The Digital Journalist
Selected photos from Michael O'Brien's The Face of Texas.
© Michael O'Brien

Charlie Robison - Charlie Robison's mother, Martha Ben, tended bar at various watering holes around his hometown of Bandera: she managed the Purple Cow Saloon; and at the Mayan Dude Ranch, she poured drinks and played a "Pistol-Packin' Mama" in the bar's Wild West show. Robison was accustomed to honky-tonks and juke joints at an early age, and music was in his blood.

"It was in the early 70s, at the height of the outlaw movement when Willie had returned [from Nashville]," says Robison of the "cross-pollination" of rednecks and hippies that characterized the music scene then. "When I wasn't working on the ranch with my grandfather and father, I was sitting behind the bar listening to music at a grungy Texas honky-tonk."

Robison, originally a drummer by default, was only fifteen when he took to the stage himself. He first played in a band with his brother Bruce on bass, and a friend on guitar. He got what was left - drums. The trio cut their musical teeth playing rodeos and school dances in their quaint Hill Country hometown, population 940, which was settled by Polish immigrants in the nineteenth century.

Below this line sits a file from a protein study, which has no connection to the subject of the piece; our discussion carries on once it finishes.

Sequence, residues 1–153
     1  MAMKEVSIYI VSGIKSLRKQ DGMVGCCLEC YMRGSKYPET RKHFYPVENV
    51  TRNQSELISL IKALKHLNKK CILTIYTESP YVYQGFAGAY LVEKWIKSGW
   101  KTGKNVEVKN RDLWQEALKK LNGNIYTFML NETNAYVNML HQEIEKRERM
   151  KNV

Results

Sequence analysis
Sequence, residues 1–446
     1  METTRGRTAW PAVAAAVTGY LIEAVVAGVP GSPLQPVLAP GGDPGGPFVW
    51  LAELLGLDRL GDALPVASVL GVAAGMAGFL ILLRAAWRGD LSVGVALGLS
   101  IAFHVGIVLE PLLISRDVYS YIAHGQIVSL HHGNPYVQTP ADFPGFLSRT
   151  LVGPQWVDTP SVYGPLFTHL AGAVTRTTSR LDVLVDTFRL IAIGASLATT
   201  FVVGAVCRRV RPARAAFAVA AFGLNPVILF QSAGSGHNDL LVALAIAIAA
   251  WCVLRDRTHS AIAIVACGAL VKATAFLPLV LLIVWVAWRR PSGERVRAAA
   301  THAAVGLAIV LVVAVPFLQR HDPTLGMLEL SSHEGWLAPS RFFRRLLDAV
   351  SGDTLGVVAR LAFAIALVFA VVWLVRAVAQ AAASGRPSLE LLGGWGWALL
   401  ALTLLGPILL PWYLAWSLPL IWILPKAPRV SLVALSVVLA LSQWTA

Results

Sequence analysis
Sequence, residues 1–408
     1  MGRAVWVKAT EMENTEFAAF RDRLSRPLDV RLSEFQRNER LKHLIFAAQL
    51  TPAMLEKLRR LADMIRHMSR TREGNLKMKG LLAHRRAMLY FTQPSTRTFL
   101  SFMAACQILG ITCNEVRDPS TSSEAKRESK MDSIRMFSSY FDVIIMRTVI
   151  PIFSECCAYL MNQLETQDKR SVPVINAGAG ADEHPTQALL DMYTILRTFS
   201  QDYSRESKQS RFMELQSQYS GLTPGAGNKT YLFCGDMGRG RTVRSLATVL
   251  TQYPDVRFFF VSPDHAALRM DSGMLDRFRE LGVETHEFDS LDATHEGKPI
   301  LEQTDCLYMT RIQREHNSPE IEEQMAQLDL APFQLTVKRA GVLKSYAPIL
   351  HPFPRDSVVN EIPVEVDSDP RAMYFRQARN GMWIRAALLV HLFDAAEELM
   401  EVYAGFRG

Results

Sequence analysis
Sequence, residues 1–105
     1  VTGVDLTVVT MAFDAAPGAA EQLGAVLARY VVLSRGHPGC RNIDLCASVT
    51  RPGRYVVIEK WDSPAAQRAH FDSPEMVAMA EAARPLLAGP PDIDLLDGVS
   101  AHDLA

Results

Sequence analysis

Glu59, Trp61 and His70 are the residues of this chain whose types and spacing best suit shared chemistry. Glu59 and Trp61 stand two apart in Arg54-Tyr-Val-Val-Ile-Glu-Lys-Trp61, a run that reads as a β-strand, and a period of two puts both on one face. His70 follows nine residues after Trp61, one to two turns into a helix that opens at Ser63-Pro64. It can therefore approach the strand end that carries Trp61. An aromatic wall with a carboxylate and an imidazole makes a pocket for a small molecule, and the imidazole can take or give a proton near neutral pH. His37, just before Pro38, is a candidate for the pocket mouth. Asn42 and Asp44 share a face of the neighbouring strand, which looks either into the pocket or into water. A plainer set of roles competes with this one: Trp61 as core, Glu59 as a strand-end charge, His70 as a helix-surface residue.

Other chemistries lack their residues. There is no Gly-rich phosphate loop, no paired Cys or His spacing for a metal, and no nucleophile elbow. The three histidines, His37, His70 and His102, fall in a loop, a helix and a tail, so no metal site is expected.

Later, Robison switched to guitar and singing and became so focused on music that college got in the way. He dropped out of Southwest Texas State, sacrificing football and baseball scholarships, and headed to Austin. He spent a few years establishing his music career in bands like the Chaparrals, Two Hoots and a Holler, and the Millionaire Playboys - until the 90s, when he went solo and eventually returned to Bandera and the land that inspires him.

"I always felt I was born a century too late," says Robison, who raises cattle and quarter horses on his family spread and lives in a 1920s-era ranch house with his wife, Emily, the banjo player for the Dixie Chicks. "Texas is the only place you can lie to yourself that time has stood stillwhere you can play cowboys and Indians the rest of your life."

Robison's songs gritty, robust reflect the man himself, a native Texan whose family has ranched in Bandera for six generations. Family, Texas history and real life are the stuff of his music, and in Robison's case, you can go home again:

If you're ever out west son, and you're feelin' like slowin' down
I'll see you around, 'round my hometown
I'll see you around, 'round my hometown."

("My Hometown," Life of the Party CD)